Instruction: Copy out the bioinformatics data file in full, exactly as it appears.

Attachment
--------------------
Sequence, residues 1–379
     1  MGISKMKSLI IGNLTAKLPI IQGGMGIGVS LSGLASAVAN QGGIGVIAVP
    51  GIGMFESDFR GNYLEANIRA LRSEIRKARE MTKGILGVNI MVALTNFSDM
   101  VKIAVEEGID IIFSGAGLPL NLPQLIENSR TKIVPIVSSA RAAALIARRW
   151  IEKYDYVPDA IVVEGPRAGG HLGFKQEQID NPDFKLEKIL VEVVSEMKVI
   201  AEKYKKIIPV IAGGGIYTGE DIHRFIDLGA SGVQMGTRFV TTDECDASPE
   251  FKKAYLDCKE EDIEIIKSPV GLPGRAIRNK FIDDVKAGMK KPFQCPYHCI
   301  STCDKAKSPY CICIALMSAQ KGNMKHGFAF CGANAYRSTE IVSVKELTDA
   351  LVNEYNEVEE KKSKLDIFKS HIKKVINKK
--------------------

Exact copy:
Sequence, residues 1–379
     1  MGISKMKSLI IGNLTAKLPI IQGGMGIGVS LSGLASAVAN QGGIGVIAVP
    51  GIGMFESDFR GNYLEANIRA LRSEIRKARE MTKGILGVNI MVALTNFSDM
   101  VKIAVEEGID IIFSGAGLPL NLPQLIENSR TKIVPIVSSA RAAALIARRW
   151  IEKYDYVPDA IVVEGPRAGG HLGFKQEQID NPDFKLEKIL VEVVSEMKVI
   201  AEKYKKIIPV IAGGGIYTGE DIHRFIDLGA SGVQMGTRFV TTDECDASPE
   251  FKKAYLDCKE EDIEIIKSPV GLPGRAIRNK FIDDVKAGMK KPFQCPYHCI
   301  STCDKAKSPY CICIALMSAQ KGNMKHGFAF CGANAYRSTE IVSVKELTDA
   351  LVNEYNEVEE KKSKLDIFKS HIKKVINKK